From One Nation to Another, with Love
Text: Smita Jain
What do you say of two Americans who are in India with the sole intention of giving back to a country from which the world has received much? Where others come to receive from Indian culture and philosophy, John Silliphant and Mark Peters have wanted to give back to the country. To this effect they have swept the streets of Ahmedabad and are now working on a project that will help exchange letters written by children between India and Pakistan to forge bridges of friendship!
The two tall Americans have been greeted with garlands and huge crowds upon their arrival at train stations, have addressed large gatherings to discuss the importance of amity between India and Pakistan, and have even been endearingly addressed as "angels of peace". A modern day sequel to Attenborough's Gandhi? "Not quite," says John Silliphant with a smile, "but Gandhiji's search for truth has certainly been an inspiration for this initiative." The initiative - taking letters and cards advocating peace from children across India to children in Pakistan - is certainly a unique one, and has been reverberating in the hearts of children across India, as reflected in the thousands of letters and cards they have collected.
Though their aim is greater peace among peoples, the two are not diplomats or ambassadors, and neither are they in India in any formal capacity. They are here, they say, "simply to do seva ; to serve".
Their idea of seva does not conform to any particular religion, nor are they affiliated to any particular NGO. Their aim, John explains, "is to give all that we have, and make every moment an opportunity for service." Their "giving-in-the-moment" credo often leads to seva activities that cross the lines of social convention for many Indians. For instance, in the city of Ahmedabad, they have often left many a sweeper, and the gathered crowd, flabbergasted by their desire to sweep the streets.
Despite their unassuming modus operandi, the duo has been receiving accolades from Ahmedabad city officials and citizens alike. The municipality has praised them for their work, and has agreed to their innovative proposal to install attractive dustbins throughout the city with the help of well-known architect Yatin Pandya.
In their six months in the city, the two were involved in numerous activities ranging from opening a Seva Café to tree-planting; until the government told them in early August that they had to leave India within the next few days. The order stunned the two. They were in India on six-month tourist visas, and hoped to bypass the expensive exit and re-entry requirement by demonstrating to officials their intentions to serve.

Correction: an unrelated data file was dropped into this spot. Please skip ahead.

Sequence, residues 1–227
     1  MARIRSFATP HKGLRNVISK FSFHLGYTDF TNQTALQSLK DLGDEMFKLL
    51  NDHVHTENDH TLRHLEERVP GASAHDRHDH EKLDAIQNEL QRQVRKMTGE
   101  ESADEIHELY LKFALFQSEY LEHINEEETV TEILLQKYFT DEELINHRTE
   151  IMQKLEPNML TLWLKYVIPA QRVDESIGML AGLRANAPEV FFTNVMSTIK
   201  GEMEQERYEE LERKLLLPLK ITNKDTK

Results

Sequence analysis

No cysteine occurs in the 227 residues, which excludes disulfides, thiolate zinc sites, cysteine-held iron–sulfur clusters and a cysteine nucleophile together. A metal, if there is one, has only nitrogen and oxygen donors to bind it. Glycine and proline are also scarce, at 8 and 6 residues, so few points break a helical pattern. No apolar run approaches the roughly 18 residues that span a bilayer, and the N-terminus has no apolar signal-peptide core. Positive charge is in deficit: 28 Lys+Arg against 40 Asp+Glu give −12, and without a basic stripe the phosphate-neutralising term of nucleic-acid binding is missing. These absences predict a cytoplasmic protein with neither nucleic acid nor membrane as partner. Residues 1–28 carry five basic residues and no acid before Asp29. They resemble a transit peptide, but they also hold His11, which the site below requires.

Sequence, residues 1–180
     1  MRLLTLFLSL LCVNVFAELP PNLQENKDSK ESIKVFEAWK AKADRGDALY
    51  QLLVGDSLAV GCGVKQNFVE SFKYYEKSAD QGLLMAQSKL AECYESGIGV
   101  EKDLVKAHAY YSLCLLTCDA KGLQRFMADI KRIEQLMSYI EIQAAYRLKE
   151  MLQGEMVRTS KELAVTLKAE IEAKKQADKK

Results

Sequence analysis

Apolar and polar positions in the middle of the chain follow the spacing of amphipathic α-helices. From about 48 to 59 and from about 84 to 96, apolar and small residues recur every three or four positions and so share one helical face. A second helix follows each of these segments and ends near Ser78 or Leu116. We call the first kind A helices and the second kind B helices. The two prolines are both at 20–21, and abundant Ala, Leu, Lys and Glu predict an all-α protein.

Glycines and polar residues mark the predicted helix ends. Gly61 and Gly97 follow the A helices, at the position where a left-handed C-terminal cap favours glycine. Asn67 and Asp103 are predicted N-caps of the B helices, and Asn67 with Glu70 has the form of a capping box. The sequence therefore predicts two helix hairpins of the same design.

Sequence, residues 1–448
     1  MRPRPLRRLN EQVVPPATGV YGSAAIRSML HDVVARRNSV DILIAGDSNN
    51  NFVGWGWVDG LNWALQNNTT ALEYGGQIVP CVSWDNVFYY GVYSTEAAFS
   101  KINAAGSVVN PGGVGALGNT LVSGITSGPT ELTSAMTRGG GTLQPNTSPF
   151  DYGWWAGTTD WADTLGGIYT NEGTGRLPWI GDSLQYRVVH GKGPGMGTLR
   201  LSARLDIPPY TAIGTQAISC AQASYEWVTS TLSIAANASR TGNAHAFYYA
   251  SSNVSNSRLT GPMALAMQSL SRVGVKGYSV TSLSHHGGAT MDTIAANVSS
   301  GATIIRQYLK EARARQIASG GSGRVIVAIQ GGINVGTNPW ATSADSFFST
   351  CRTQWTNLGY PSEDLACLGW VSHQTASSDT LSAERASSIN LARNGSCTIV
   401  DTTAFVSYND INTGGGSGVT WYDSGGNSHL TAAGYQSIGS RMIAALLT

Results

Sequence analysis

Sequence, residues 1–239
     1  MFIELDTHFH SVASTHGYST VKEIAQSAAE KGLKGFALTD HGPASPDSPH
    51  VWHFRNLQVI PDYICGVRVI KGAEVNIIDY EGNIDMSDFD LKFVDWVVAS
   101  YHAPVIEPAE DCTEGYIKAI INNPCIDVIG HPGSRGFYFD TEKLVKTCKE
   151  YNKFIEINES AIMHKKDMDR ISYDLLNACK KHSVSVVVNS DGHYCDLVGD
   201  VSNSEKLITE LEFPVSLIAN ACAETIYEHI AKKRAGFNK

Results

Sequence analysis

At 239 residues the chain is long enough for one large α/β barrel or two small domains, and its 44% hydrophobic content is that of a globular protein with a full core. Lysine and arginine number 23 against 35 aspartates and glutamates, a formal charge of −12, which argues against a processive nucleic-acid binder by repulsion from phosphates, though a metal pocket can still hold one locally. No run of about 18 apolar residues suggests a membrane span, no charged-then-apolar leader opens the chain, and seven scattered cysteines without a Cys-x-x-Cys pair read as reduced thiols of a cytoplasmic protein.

John and Mark arrived at a Gandhian solution to their predicament: why not go to Pakistan, carrying gifts and messages of peace from children in India? Within two days, they were able to collect thousands of peace letters and cards from children in Ahmedabad, after which they moved on to Delhi in preparation for their departure.
In Delhi, they continued their intensive campaigning in private, public, and slum schools. Children embraced the idea and took to colours and paper with selfless ardour. Teachers and principals lent them unstinting support. Within a few weeks they had collected over 15,000 letters and cards. Says John, "Whether we get 10 letters or cards or 10,000 doesn't matter. What does matter is that, for each and every child who sits down and writes from their heart to another child, an internal connection will be made, and a seed of hope for a harmonious future will be planted." Given the success of the programme and the fortuitous receipt of a three month visa-extension, the two realized that they could take this programme to children across India.
The two now plan to travel across India until October, spreading messages of peace and collecting letters and cards, after which they will carry them to Pakistan. When asked why they have chosen children to be messengers of peace in a politically sensitive matter, John replies: "The key to bringing change in this world is through our children. If seeds of peace are implanted in them, it is peace they will sow. They will usher in a better, more loving world."
|It may be long before the law of love will be recognised in international affairs. The machineries of government stand between and hide the hearts of one people from those of another. -- M.K. Gandhi|